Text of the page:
Client reviews and testimonials are important to potential bids, because they give strength to your sales pitch. These reviews indicate whether you can perform the services you’re promising.
Unsure of how to get client reviews? To begin, make sure that all of your security personnel are creating and maintaining relationships with the individuals on-site (property managers, landscapers, building inspectors, bankers, etc…) that will have the most contact with the decision makers who can renew your contract.
On top of building and maintaining relationships with individuals on-site, setting expectations with clients early on let’s them know how to define a good job and will be ready to give you a 5-star review when you ask.
Wondering where clients can review you? Your website and social media channels are important places for them to be. When a potential client asks for client testimonials, you can direct them back to your online presence so that they remain engaged with the services that your company offers while getting the info they requested.
Hopefully, the majority of your reviews are all positive, but it is bound to happen that a few unhappy clients decide to post a review.
When bad reviews happen, it is best to address these reviews by responding in an apologetic and interested tone. It’s important that the person who left the negative review feels heard and believes your security company is going to try to find a solution to solve the problem.
Remember, one bad review isn’t the end of the world, but it’s important to be mindful about responding to clients.
One of the biggest challenges in the physical security industry is figuring out how much to charge for your services. Guards are demanding more money. Bigger security companies are charging much lower prices. What’s a small-to-midsize (SMB) security company to do?
One of the most common thoughts we see when working with SMB security companies is a simple strategy: just offer a price low enough to get the bid. Here are the major problems with building out a price point that way:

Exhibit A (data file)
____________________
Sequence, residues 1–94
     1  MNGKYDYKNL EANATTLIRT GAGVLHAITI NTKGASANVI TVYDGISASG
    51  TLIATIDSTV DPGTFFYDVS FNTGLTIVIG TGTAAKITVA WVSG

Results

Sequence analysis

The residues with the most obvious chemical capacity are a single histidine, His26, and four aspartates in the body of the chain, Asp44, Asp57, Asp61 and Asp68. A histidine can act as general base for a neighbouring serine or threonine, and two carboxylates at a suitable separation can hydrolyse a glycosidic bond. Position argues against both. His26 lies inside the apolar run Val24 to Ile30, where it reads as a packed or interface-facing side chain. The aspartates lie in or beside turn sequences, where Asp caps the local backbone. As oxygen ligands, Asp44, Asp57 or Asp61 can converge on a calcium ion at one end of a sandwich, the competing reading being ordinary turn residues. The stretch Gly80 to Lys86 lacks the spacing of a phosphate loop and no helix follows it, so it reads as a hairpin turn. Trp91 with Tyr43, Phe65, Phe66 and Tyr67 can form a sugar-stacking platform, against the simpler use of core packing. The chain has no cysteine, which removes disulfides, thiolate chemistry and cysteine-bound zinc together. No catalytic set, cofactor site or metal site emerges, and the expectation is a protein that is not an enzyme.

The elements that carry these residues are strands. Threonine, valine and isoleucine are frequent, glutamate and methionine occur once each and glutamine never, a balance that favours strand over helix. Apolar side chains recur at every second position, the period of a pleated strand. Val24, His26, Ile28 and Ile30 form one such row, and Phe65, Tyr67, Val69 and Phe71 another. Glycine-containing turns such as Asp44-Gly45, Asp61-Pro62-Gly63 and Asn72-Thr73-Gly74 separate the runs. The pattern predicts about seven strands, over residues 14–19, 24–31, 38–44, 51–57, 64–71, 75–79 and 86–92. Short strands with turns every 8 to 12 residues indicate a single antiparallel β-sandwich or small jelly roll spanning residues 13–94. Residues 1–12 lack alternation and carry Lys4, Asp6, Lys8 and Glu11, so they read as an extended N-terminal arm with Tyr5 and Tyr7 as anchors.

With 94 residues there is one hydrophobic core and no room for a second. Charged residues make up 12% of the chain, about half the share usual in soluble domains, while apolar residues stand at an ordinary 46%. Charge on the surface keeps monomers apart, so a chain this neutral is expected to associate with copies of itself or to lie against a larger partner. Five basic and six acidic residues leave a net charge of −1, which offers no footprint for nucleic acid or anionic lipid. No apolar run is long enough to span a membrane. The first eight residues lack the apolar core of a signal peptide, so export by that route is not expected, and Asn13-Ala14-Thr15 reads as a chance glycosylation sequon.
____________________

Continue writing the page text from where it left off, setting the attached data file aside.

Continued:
- You probably aren’t paying your guards enough for them to be incentivized to do their job well.
- You probably aren’t getting paid enough to cover the costs of doing business at that property.
The bottom line is if you are just charging the lowest price-point to win the bid, you are failing your business and your clients. You are losing.
A successful security company will include its technology costs and their guards’ hourly rate into its price point. Within the proposal, these companies break down their price-point to keep full transparency with the prospect. Paired with the other factors from before, the potential client is much more likely to secure a bid that doesn’t have the lowest cost but does have the highest trust and reliability.
If you are unsure of how to determine the price point of your security company, our Silvertrac Mobile Patrol Cost Calculator is incredibly helpful.
Supervisor to Guard Ratio
Evaluating supervisor to guard ratio is always a smart decision. This ratio communicates how well your security company is organized and structured.
Of course, depending on the location, the ratio of guards to supervisors will change. But overall, you need to show a prospective client that you have a strong response team. If something goes wrong on-site, it shows prospective clients that you have enough management to deal with the situation.
Running an internal evaluation is critical for your security company to be properly prepared when fighting for bigger, better contracts. Have everything in place you already know your prospective client wants before they ask for it and watch your security operation grow.